Review: Neville’s Island, Stephen Joseph Theatre, Scarborough

Neville's Island

Neville's Island

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The 60th anniversary of the founding of the Stephen Joseph Theatre continues to re-present a back catalogue of plays entirely in line with my own memories of its greatest successes.

Returning from its triumph of 1992 comes Tim Firth’s, Neville’s Island. Directed by the reliable Henry Bell, we meet again the hapless quartet of Roy, Gordon, Angus and Neville as they strive to cope with life on an island somewhere in the Lake District.

This is no epic story on the scale of Crusoe or the marooned boys in Lord of the Flies, but rather the pathetic tale of four business men on one of those team bonding exercises that goes wrong.

Clearly influenced by Sir Alan Ayckbourn’s technique of contrasting high farce with low pathos (should that be the other way round?), Tim Firth strips away the structures we use to support everyday life to reveal the skull beneath the skin.

Daniel Crowder plays Neville, the leader whose leadership skills are exposed as pathetic, but who then rises to achieve a semi-heroic stature.

His attempts to hold the quartet together become increasingly desperate as the lack of the usual support mechanisms destroys his authority.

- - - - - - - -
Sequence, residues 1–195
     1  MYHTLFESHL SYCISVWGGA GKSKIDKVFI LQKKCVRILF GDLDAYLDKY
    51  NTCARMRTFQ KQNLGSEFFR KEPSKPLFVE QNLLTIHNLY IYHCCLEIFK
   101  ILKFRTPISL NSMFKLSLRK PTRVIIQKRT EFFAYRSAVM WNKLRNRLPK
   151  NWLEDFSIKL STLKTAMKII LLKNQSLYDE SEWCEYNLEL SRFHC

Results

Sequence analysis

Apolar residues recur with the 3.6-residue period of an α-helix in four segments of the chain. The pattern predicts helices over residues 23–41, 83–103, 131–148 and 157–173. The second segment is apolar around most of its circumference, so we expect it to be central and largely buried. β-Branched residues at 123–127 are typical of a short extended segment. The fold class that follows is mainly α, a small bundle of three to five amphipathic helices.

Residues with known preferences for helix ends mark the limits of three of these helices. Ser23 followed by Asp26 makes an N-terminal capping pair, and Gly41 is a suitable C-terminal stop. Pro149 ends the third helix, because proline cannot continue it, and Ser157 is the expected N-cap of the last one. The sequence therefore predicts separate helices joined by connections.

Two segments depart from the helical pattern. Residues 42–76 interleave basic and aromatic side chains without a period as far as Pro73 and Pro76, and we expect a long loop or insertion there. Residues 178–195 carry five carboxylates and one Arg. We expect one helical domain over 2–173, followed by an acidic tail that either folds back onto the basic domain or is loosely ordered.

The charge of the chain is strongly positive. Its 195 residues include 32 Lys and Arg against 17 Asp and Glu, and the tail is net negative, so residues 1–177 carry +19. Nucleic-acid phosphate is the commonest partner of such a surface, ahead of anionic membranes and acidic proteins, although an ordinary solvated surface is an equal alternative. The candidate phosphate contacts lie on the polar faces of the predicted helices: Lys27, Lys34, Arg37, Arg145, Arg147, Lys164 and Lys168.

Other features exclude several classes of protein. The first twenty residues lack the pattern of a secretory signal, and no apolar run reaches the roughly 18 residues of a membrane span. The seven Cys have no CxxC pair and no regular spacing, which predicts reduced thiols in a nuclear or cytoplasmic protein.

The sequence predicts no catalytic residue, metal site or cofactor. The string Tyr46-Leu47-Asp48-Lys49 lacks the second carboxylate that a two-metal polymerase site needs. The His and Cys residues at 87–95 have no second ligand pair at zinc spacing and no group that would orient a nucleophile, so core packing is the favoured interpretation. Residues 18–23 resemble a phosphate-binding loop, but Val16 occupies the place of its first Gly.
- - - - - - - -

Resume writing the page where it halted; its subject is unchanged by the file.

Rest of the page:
The main wrecking ball, of increasing anarchy, is the cynical Gordon (Craig Cheetham).

Delightfully sardonic in his delivery, Gordon is the cynic we have all encountered somewhere, although with better lines.

His role appears to be entirely destructive, even if very funny. However, it is Gordon who forces other characters to confront the wreckage of their own lives.

Roy (Jamie Chapman) is the weakest link. Haunted by having to switch off his mother’s life-support machine, he has turned to Christianity as a prop to his disintegrating hold on reality.

Angus (John Last) is an enigma. He is no more vulnerable than any of the others to Gordon’s biting tongue, but he seems to suffer more. Perhaps it is because he has further

to fall, ending in mute despair as he faces the emptiness of his life.

Part of the subtle appeal of Neville’s Island is that the messages are serious, but the audience leave the theatre convinced they have seen a comedy. I am trying, but failing, to remember that line about human beings and their failure to accept too much reality.

It would be perfect just here.

Neville’s Island can be seen in The Round at the Stephen Joseph Theatre on various dates until Thursday August 27.

It is in repertory with a revival of Alan Ayckbourn’s Confusions.

The box office is on 01723 370541.

Review by Mike Tilling